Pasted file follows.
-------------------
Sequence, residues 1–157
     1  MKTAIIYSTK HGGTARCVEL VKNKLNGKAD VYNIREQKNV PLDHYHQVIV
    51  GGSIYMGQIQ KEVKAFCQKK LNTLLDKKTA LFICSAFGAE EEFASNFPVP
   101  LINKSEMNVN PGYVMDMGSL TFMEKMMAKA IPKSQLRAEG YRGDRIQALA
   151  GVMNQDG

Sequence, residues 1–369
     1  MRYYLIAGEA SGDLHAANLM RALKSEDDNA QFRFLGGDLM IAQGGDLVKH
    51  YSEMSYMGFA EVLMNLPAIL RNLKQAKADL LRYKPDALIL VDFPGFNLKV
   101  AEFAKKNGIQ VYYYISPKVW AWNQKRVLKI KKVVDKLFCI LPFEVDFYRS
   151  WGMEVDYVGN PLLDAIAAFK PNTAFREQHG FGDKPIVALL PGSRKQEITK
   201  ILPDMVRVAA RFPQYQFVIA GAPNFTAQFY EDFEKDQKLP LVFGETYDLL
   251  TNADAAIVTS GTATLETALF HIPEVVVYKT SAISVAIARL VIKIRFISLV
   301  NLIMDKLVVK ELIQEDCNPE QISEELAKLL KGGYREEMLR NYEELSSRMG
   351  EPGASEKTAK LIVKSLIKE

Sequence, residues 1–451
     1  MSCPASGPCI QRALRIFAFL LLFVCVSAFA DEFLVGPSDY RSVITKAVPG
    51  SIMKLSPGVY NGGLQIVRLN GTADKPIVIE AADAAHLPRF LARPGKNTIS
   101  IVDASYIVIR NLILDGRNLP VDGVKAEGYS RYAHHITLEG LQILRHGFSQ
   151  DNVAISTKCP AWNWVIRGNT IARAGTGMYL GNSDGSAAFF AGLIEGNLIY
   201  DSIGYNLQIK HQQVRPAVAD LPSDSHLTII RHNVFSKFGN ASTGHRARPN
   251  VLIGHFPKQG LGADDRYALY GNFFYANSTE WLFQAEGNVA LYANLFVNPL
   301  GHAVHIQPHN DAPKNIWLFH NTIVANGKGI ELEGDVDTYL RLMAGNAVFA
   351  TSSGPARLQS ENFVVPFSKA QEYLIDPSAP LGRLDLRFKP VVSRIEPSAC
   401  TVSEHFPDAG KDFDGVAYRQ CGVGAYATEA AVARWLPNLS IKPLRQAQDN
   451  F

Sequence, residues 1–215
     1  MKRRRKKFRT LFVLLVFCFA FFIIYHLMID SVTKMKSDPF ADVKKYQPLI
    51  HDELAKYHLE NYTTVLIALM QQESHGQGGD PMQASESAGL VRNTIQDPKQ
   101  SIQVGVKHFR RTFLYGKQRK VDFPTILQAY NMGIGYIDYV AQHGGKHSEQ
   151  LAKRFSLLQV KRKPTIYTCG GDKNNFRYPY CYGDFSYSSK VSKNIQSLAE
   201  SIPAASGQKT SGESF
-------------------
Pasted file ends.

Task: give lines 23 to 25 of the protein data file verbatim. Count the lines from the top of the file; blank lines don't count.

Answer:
   351  TSSGPARLQS ENFVVPFSKA QEYLIDPSAP LGRLDLRFKP VVSRIEPSAC
   401  TVSEHFPDAG KDFDGVAYRQ CGVGAYATEA AVARWLPNLS IKPLRQAQDN
   451  F